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2 House subcommittees are trying to get answers about the baby formula shortage


A shortage of baby formula remains a challenge for families across the U.S. Lawmakers held hearings today to try to understand how this shortage happened and why the federal government didn't act sooner.

NPR pharmaceuticals correspondent Sydney Lupkin is here to tell us about that. Hi, Sidney.


PFEIFFER: Would you remind us what drove this shortage in the first place?

LUPKIN: Sure. As several lawmakers pointed out today, just three companies control 95% of the formula market. So the closure of one factory had a huge impact. Abbott's Michigan factory shut down and issued a recall in February after several babies became ill and two of them died of infections from a bacteria called Cronobacter. The factory has been offline ever since, though it's working with government officials to get restarted safely. They're aiming for the first week of June. Abbott testified today.

PFEIFFER: And what did Abbott say?

LUPKIN: Well, here's Abbott executive Christopher Calamari.


CHRISTOPHER CALAMARI: The current infant formula shortage is heartbreaking. On behalf of everyone in Abbott, I want to express our extraordinary disappointment about the shortage. We are deeply, deeply sorry.

LUPKIN: He talked about what the company is doing to fix things to make sure the issues won't happen again. But when asked about whether there was a culture problem at the plant that hurt quality, he said no. The company's written testimony also emphasized that the bacteria that made the babies sick didn't match the samples of bacteria the FDA found on surfaces in the factory during its inspection.

PFEIFFER: So if the bacteria samples didn't match, does that mean the factory did not make the baby sick after all or that's unclear?

LUPKIN: So according to the FDA, Abbott is in no way off the hook. Here's Susan Mayne, who directs the FDA's Center for Food Safety.


SUSAN MAYNE: We can't rule in or rule out whether or not those infants - their Cronobacter was caused by this plant. The data just simply can't be used to inform it.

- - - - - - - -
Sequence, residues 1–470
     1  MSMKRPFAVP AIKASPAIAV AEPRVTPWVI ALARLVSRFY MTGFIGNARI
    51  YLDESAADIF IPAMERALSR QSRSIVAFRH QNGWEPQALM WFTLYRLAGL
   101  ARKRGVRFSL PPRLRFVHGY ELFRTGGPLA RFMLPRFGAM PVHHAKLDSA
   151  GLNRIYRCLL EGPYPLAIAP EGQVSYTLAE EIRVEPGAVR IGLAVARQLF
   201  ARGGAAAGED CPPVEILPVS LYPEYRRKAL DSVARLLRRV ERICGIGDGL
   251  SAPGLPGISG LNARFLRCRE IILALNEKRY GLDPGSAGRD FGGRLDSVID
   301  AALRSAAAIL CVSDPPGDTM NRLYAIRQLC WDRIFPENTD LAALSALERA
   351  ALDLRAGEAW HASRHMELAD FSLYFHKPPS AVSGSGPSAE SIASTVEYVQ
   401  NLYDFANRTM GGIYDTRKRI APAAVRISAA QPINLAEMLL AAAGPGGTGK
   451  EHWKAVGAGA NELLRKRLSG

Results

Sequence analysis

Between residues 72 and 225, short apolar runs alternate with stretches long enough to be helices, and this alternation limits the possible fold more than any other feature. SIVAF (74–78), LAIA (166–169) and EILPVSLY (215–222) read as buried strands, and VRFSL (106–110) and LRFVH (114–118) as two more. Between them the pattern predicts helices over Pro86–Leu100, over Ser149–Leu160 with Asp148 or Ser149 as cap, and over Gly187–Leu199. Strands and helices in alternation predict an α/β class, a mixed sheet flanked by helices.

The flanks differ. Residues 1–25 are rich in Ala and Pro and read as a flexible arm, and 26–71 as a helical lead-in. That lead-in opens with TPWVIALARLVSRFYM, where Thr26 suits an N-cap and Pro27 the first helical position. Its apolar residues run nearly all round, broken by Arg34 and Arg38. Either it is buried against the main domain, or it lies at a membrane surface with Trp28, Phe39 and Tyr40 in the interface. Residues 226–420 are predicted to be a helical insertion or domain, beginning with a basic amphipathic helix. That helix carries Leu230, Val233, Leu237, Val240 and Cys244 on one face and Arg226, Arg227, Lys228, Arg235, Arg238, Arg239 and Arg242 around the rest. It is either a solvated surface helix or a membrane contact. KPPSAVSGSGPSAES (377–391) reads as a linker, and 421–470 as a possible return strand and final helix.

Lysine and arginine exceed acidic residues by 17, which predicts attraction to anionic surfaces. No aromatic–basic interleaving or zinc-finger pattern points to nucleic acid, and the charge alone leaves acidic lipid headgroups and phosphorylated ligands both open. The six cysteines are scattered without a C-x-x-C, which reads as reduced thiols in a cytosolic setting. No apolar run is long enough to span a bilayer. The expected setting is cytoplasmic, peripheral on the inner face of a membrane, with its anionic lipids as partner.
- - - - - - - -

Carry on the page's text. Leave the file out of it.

LUPKIN: The FDA didn't have factory samples from when the formula was made that these babies consumed before they got sick. The inspection didn't start until the end of January, but the first report of a sick child reached the FDA back in September. And an Abbott whistleblower contacted the agency in October alleging unsanitary conditions, falsified records and other major problems, but the FDA didn't talk to them until late December.

PFEIFFER: They got the tip in October, contacted them in December. What took so long?

LUPKIN: That was really the million-dollar question when legislators grilled FDA officials. Here's Representative Jan Schakowsky of Illinois.


JAN SCHAKOWSKY: I'm actually pretty furious about the FDA's lack of food safety leadership, communication and action.

LUPKIN: FDA Commissioner Robert Califf acknowledged that it was too slow. And he used a vivid analogy to describe what the agency found at the plant.


ROBERT CALIFF: Let's say you had a next-door neighbor who had leaks in the roof. They didn't wash their hands. They have bacteria growing all over the kitchen. You walked in and there was standing water on the counters, and the floor and the kids were walking through with mud on their shoes, and no one cleaning it up. You probably wouldn't want your infant eating in that kitchen.

LUPKIN: He says FDA has been doing what it needed to do to get the plant back on track since then.

PFEIFFER: That's NPR's pharmaceuticals correspondent Sydney Lupkin. Sydney, thank you.

LUPKIN: You bet. Transcript provided by NPR, Copyright NPR.

Sydney Lupkin is the pharmaceuticals correspondent for NPR.